Before the Fall
Regulators spent the summer confusing
the issues as well as brokers.
Scott Sinder and John Fielding
Fall. Thoughts of falling leaves, football games and, of
course, the NAIC’s fall national meeting. But before we
move on to the new season in the endless state regulatory
cycle, let’s look at summer activity in three states that
will directly affect Council members: Nevada’s
non-resident countersignature requirements, California’s
broker engagement letters, and Iowa’s rebating.
Nevada countersignatures. The
Nevada countersignature law was the last remaining vestige of
the old-line state countersignature requirements after federal
court decisions in Florida, Puerto Rico, South Dakota and the
U.S. Virgin Islands. When the decision striking down the Nevada
countersignature requirement became final in July, the state
asked the court to revise its final judgment. Nevada believed
the judgment, as originally written, unnecessarily negated the
entirety of the state’s producer policy signature
requirements. On Aug. 15, the District Court issued an order
granting the motion and clarifying the earlier ruling so that
the signature requirement survives but only to the extent that
it does not discriminate against non-resident producers. A
licensed non-resident producer is not required to obtain a
resident producer’s signature.
There has been confusion since the ruling as to whether
Nevada requires producers to be appointed to sign a policy.
There has been no change to the law’s appointment
requirements (we double checked with the state attorney
general). Thus, if a producer was required to be appointed for
the placement of a policy before the decision, it is still
required. If an appointment was not required, it still
isn’t. In other words, for admitted products in Nevada,
an appointed and licensed agent must sign the policy. For
non-admitted products, a licensed broker may sign the policy to
satisfy this (anachronistic) requirement.
California broker engagement
letters. The California Legislature has passed a bill to
clarify when a producer may be deemed to be acting as a broker.
A broker may charge fees in addition to or in lieu of
commissions. Agents in California generally may not charge for
their property-casualty book. The legislation was awaiting Gov.
Arnold Schwarzenegger’s signature as of deadline.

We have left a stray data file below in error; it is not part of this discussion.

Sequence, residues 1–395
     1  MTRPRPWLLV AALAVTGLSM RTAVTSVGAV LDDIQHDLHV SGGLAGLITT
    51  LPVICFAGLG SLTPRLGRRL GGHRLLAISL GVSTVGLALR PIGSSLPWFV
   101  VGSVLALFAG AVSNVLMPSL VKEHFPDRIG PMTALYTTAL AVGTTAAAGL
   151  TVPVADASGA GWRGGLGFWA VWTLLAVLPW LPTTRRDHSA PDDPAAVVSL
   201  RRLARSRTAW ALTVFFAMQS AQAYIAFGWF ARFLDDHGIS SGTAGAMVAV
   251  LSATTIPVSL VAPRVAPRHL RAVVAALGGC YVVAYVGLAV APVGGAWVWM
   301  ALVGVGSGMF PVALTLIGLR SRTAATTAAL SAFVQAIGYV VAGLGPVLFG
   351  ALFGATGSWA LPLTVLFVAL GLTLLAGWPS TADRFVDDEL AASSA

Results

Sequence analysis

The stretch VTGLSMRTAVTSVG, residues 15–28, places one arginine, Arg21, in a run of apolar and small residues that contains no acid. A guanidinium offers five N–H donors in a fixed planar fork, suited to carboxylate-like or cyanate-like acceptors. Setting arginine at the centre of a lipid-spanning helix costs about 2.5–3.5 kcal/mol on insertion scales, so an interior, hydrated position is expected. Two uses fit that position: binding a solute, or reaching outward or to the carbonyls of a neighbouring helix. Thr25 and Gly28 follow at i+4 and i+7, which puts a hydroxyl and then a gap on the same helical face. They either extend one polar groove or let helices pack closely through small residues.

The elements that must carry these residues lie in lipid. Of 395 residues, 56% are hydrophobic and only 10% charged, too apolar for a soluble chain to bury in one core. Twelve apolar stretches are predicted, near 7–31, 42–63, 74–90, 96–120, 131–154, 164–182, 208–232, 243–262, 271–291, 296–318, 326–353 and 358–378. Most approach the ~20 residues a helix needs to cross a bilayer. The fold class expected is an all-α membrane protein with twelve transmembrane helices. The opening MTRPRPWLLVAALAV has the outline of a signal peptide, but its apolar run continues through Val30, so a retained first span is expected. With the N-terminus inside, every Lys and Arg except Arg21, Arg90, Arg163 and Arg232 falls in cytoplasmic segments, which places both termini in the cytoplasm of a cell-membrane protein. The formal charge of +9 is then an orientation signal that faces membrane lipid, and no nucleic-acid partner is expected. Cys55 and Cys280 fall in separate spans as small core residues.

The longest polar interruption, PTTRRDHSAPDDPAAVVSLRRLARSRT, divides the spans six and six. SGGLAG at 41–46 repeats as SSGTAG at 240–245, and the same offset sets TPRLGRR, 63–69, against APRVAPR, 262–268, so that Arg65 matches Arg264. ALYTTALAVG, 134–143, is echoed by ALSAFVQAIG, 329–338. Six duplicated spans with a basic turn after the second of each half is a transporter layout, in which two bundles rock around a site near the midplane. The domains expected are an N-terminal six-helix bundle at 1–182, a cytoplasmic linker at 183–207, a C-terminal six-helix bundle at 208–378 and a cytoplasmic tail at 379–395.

The bill presumes an intermediary is acting as a broker if
he has an agreement in place equivalent to an engagement
letter. It must include:
· A statement that the producer is transacting
insurance on behalf of the consumer;
· A description of the basic services the producer will
perform as a broker;
· Total broker fees; and
· If applicable, a disclosure that the producer may
receive compensation from the insurer.
The bill also sets forth several specific situations where
the producer is not presumed to have the latitude of a broker.
This may be where the carrier has appointed the licensee as its
agent (and filed a notice of appointment with the insurance
department) or where the insurer has a written agreement that
gives the producer binding authority, authorizes him to appoint
other licensees as agents of the carrier, or confers the
authority to pay claims on behalf of the insurer. The producer
also may not collect additional fees if the “totality of
circumstances” establishes that he is acting on behalf of
the insurer rather than the client.
Iowa rebating. Nearly every
state prohibits producers from cutting premiums or providing
free services or another “valuable consideration”
as an inducement to purchase insurance, unless the
“rebate” is specified in the policy. Anti-rebating
laws are nearly identical across the country and are based on
language in the National Association of Insurance
Commissioners’ Model Unfair Trade Practices Act.
The model language does not define a rebate. Many states
regulate this on a case-by-case basis (in response to
complaints from other agents). So producers are left to wonder
if they can provide value-added services, discounts and
marketing materials to their clients.
The Iowa Insurance Division is attempting to identify
rebating under the state’s anti-rebating laws. Bulletin
08-13, issued in August, recognizes that some value-added
services, including risk management services, can be offered
without running afoul of the law. The division limits services
to those “appropriate in scope, related to the type of
insurance product involved and not excessive.” The
bulletin reiterates the prohibition against “offering
anything of value as inducement to purchase, change or renew an
The bulletin is not perfect. But The Council supports
Commissioner Susan Voss’ efforts to address the
confusion. Following on the statutory clarifications adopted by
New Hampshire a few years ago, and interest expressed by New
York Superintendent Eric Dinallo, the Iowa activity could point
to growing interest in reforming this archaic regulatory
Sinder, a partner at Steptoe & Johnson, is CIAB General
Fielding is of counsel at Steptoe & Johnson.